June 21, 2014

Your choice between premium cricket and bargain cricket

Give fixers and those who are ambivalent to it a whole new sport to muck up

Or get players to take the William Tell test © Getty Images

Although most humans are perfectly decent people, there exists among us, a shadowy, untrustworthy, degenerate group of desperadoes, living on the margins of respectable society, beyond the pale of civilisation. I am talking, of course, about people who don't like cricket. How do they stumble from one day to the next? How do they survive?

Nevertheless, they are with us. And if you have non-cricket loving friends, you will usually find that whenever our sport has one of its less than excellent moments and finds itself spread all over the front pages, these types will ask you, usually with a grin, what gives.

Naturally, at the mention of match-fixing, one of your other friends will remind you that it isn't actually match-fixing, before smiling the smug self-satisfied smile of the superior intellect. This is the same kind of person who ruined the Millennium celebrations by repeatedly pointing out that it was taking place a year too early.

Unfortunately, your pedantic friend is right. To fix an entire match would take a conspiracy involving 22 players, two umpires, and, in England at least, the ability to manipulate the weather. Since, as Monty Panesar has recently demonstrated, cricketers sometimes have trouble arriving to work on time, such a conspiracy is surely beyond their capabilities.

Instead, their extra-curricular naughtiness takes the form of spot-fixing, which sounds like the sort of thing you might do to the bodywork of a rusty old car, but which is, in fact, the latest in a range of ways human beings have found to destroy their careers, ruin their lives and embarrass themselves internationally.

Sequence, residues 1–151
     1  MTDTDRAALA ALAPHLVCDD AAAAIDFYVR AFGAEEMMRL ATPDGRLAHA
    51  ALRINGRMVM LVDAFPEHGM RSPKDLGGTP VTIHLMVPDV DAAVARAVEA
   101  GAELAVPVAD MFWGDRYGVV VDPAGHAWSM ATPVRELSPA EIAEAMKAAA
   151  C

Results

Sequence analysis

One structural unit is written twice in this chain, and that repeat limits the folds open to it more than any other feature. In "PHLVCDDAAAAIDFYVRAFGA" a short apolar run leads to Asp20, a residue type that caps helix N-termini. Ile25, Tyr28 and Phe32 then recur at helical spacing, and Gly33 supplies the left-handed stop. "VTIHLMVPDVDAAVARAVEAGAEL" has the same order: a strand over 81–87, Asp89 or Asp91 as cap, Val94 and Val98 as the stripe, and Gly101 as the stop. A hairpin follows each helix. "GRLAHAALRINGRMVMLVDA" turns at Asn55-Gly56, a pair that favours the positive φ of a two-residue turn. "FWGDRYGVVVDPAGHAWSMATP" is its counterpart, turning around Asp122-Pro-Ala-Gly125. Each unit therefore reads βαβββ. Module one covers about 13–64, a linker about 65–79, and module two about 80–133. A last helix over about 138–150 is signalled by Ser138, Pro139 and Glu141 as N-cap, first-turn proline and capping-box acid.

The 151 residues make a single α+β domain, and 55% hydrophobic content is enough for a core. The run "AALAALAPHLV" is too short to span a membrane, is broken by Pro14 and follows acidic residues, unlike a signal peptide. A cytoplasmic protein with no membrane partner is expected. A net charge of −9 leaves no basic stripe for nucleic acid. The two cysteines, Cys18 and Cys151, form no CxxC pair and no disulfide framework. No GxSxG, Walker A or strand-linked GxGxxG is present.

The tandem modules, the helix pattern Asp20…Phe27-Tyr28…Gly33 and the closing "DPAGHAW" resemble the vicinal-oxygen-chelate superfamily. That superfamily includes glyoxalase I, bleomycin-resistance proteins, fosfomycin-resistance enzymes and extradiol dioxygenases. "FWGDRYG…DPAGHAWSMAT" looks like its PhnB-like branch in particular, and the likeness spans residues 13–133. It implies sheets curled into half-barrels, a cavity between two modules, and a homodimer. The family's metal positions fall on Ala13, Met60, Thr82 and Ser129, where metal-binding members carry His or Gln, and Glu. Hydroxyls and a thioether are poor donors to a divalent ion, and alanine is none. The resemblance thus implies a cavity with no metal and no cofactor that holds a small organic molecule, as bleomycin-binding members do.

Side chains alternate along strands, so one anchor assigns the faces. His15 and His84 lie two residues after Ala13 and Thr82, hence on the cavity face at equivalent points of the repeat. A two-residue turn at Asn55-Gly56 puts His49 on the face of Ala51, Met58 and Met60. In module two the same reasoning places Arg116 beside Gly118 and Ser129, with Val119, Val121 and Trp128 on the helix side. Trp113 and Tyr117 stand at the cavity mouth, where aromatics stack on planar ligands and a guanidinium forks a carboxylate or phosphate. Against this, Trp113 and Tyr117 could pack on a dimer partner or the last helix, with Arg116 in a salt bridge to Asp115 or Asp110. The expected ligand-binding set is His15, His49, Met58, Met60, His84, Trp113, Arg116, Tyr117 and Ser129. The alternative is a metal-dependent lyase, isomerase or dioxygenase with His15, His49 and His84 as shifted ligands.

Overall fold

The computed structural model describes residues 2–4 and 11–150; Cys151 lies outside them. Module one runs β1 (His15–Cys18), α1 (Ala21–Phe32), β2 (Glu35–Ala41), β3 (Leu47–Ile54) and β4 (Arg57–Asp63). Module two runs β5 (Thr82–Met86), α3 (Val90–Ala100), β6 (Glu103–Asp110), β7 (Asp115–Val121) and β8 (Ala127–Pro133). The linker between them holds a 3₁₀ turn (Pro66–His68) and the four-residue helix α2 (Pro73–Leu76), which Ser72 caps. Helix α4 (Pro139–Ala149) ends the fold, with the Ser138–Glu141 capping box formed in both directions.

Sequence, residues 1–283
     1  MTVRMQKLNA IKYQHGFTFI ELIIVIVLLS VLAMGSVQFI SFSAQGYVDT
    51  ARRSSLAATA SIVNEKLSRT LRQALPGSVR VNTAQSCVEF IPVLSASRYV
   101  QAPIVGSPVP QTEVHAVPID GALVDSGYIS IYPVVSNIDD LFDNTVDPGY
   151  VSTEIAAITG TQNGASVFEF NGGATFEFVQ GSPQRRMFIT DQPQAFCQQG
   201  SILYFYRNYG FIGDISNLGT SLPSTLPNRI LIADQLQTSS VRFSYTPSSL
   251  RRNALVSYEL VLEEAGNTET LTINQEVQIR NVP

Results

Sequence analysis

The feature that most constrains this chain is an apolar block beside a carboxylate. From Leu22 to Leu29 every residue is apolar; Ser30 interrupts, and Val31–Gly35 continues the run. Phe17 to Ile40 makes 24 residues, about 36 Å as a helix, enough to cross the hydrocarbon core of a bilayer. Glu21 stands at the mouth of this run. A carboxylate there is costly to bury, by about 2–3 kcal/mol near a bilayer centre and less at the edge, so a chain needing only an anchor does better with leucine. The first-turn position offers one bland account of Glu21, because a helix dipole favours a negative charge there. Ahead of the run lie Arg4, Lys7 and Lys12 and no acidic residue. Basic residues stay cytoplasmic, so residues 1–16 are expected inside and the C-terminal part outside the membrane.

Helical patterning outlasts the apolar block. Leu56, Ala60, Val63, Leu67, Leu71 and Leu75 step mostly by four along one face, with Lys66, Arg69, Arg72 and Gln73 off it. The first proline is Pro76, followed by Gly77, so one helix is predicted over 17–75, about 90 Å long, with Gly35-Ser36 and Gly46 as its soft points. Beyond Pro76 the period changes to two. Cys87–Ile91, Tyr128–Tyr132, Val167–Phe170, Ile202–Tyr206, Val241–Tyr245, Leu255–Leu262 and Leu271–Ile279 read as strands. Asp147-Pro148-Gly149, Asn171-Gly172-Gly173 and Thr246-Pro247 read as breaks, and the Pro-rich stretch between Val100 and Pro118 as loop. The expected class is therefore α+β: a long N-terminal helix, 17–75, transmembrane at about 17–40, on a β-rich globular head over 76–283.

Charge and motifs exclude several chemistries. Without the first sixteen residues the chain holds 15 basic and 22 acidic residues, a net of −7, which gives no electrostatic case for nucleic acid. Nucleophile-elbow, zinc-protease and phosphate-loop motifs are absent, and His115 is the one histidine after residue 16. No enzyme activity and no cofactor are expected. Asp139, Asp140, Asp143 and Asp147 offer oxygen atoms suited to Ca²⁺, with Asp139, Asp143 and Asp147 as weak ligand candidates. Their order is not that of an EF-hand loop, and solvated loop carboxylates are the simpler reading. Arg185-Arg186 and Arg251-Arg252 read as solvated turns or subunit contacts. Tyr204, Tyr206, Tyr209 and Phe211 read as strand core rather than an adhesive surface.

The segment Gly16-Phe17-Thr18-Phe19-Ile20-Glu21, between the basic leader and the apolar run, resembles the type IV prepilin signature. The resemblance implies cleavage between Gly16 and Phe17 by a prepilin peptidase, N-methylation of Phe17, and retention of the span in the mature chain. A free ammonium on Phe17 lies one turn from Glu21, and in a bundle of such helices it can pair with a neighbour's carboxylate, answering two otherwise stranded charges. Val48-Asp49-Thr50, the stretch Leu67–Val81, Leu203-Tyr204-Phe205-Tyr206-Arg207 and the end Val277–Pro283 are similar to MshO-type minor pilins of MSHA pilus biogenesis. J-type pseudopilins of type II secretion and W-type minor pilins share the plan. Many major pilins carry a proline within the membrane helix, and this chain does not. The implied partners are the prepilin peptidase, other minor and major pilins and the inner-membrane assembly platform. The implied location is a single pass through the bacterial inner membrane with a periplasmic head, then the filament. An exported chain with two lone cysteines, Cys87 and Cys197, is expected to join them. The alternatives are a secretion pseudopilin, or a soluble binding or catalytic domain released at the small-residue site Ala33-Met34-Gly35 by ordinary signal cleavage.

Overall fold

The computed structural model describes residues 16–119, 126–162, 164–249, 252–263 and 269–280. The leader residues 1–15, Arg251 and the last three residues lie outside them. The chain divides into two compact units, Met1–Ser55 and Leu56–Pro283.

So why do so many do it? The bad-apple metaphor usually gets an airing at times like these, but I think it minimises the malign influence of the bad apple. Anyone who has sampled a mouthful of brown rotting fruit laced with a hint of worm will tell you the experience is not easily forgotten. One encounter with a bad apple can colour your entire outlook on fruit.

The bad-apple theory of cricket corruption also relies on the premise that there are just a few of them. But if you were to pile up all the bad apples that have been plucked from the cricket shelves in the last 20 years, you'd have enough bad apples to make three or four thoroughly rotten apple pies, or a whole vat of bad apple cider, which is the colour of gold, extremely expensive, and leaves a nasty, toxic aftertaste.

Sometimes we are told that the solution is education, that many of these cricketers come from remote and isolated parts of the world, cut off from human civilisation (Delhi, Lahore, Romford) and so are easy prey for cunning, worldly bookies.

So should we make every cricketer take an anti-corruption class in which they have to copy out one hundred times the phrase: "I will not take money in exchange for underperforming in a cricket match"?

I'm not sure. Judging by what happened in Australia, "taking money in exchange for underperforming in a cricket match" was in the ECB's central contracts last September. Besides, people don't get into fixing because they don't know what it's wrong. They do it because they are greedy and stupid. Since greed and stupidity may be with us for a while, I have a better solution.

I think we should set up an entirely separate sport for those who want to indulge their appetite for skulduggery. We could market it like supermarkets do with their different ranges. For the genuine cricket lover, there's "Premium Cricket: Made with Purest Ingredients" and for those who aren't that bothered, there's "Bargain Cricket: The Sport You Love, but Without The Ethics (may contain nuts, bad apples, and cynicism)".

That way, the greedy and the stupid get to have their fun and the rest of us can enjoy our sport without having to hold our nose to avoid the pungent whiff of conspiracy that accompanies every single hopeless run-out, massive no-ball, unnecessary slog-sweep, and suspiciously generous declaration.

Andrew Hughes is a writer currently based in England. He tweets here